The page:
Friday, September 16, 2011

Elul 17: Transforming Curses into Blessings

Have you ever paused to consider the blessings and curses in your life? Read this sentence, and then close your eyes for 30 seconds to do so. Go ahead, try it!


We all have things that we appreciate, and circumstances that we could do without. Parashat Ki Tavo, which we are reading this week in the Torah, delineates in alternatively abundant delight and horrific despair the good things that will happen to us if we follow God's mitzvot / commandments, and the terrible things that will ensue if we do not. It is in fact notable that there is no middle ground - it seems to be all or none.

The reality, however, is that we all have a share of blessings and curses in our lives, often (but not always) independent of our behavior. The Torah's theological stance does not necessarily align with contemporary ways of understanding God and our lives.

Nonetheless, we are now in the latter half of the month of Elul, leading up to Rosh Hashanah. This is the month of heshbon ha-nefesh, self-reflection with an eye toward spiritual inventory. Perhaps the essential question of Elul is, how can I transform myself such that some of the curses in my life become blessings?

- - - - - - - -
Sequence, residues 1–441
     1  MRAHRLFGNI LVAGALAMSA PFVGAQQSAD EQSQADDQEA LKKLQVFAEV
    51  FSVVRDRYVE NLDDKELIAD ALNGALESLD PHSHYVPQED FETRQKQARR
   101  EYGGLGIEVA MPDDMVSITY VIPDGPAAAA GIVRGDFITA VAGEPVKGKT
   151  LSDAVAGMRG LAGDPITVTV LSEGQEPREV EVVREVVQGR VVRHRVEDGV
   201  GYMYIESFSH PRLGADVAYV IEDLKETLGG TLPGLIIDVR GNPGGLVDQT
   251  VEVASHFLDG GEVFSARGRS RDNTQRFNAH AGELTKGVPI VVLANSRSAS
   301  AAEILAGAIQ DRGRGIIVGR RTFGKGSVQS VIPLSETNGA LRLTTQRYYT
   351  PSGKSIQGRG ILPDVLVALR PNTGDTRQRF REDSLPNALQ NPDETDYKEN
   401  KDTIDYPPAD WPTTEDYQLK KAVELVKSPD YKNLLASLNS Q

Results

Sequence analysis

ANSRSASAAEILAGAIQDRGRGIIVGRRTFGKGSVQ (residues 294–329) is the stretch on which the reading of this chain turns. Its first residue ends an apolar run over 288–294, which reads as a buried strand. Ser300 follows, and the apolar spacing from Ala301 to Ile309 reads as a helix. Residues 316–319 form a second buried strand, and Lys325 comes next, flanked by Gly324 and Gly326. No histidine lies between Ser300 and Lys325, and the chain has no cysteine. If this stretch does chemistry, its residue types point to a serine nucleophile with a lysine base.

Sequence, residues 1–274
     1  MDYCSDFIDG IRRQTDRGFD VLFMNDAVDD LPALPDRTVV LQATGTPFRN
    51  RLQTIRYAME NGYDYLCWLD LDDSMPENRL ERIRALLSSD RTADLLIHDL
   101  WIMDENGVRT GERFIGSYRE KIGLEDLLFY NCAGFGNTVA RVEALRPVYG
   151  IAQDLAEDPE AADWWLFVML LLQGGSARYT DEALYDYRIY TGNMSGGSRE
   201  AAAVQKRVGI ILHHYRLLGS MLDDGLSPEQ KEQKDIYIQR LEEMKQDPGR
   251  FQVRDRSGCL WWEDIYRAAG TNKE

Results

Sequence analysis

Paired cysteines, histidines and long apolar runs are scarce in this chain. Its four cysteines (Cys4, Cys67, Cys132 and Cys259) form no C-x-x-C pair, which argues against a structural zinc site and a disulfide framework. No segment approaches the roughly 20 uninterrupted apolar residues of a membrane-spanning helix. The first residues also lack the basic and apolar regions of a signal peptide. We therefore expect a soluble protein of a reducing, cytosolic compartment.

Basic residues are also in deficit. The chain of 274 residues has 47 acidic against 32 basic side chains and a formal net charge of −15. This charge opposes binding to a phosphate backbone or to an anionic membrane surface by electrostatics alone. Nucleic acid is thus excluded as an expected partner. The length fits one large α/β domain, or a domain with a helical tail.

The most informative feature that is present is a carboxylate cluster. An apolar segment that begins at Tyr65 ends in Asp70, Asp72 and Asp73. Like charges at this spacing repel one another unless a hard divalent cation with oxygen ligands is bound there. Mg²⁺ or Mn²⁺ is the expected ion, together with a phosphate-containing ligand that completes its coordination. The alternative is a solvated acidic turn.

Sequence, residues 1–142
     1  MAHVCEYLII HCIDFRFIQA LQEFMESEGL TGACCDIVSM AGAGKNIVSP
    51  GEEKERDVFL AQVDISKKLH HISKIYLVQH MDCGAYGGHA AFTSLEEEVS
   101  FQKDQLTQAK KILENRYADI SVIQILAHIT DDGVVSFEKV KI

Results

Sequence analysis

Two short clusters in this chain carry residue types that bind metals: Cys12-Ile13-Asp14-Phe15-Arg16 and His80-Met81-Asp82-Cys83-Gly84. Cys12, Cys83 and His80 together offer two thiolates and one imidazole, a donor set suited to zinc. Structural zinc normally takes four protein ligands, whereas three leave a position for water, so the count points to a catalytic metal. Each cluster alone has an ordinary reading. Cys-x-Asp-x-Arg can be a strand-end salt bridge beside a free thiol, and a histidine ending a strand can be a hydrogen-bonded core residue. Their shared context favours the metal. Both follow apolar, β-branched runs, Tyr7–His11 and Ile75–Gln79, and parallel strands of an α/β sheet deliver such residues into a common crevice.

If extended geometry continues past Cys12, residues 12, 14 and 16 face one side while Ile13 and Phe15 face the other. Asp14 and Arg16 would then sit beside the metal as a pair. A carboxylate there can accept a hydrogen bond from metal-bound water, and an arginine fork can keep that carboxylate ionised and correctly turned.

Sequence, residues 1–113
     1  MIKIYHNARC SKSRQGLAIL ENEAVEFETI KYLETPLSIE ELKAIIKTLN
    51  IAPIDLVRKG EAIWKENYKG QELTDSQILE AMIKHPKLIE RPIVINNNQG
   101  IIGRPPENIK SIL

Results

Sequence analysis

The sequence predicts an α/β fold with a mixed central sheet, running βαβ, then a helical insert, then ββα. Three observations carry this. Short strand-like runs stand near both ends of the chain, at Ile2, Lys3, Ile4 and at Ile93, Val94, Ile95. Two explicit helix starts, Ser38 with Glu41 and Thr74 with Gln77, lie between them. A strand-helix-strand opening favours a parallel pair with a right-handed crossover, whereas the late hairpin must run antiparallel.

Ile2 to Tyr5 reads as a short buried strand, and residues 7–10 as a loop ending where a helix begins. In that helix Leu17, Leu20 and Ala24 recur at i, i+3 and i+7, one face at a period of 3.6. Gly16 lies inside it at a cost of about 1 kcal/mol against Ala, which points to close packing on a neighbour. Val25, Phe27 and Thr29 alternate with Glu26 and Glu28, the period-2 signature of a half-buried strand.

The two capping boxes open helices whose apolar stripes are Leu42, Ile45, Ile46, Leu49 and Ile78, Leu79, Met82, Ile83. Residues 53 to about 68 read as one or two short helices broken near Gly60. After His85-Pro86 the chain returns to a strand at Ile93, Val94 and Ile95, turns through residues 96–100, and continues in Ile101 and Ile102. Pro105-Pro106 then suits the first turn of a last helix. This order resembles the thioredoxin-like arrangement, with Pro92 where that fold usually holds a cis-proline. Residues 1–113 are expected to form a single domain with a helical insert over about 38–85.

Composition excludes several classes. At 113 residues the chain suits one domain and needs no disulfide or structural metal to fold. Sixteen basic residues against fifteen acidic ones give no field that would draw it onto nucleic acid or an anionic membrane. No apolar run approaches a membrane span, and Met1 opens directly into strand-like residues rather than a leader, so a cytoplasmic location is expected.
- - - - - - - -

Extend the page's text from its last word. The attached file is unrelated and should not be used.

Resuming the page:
Shabbat Shalom and Shanah Tovah!


This post is one in a series of thoughts for Elul, the month before Rosh Hashanah; I am trying to post one every day of the month, except for Shabbat Here are links to the previous posts:

Elul 16: Things to Remember in Elul

Elul 15: New Year of the Soul

Elul 14: Translating the Self

Elul 12: What's Ten Years?

Elul 10: Teshuvah Three-Step

Elul 9: Vidui and the "Jewish Science"

Elul 8: The Two Types of Forgiveness

Elul 7: The Sounds of Elul

Elul 6: If you had only one request from God

Elul 5: High Stakes Accounting

Elul 3: Teshuvah Inventory Questions

Elul 2: The Spaces In-Between

Elul 1: Resonances of the Shofar

Rosh Hodesh Elul: What's more important than electricity?

Follow these and many other daily posts on Twitter with the hashtag #BlogElul.

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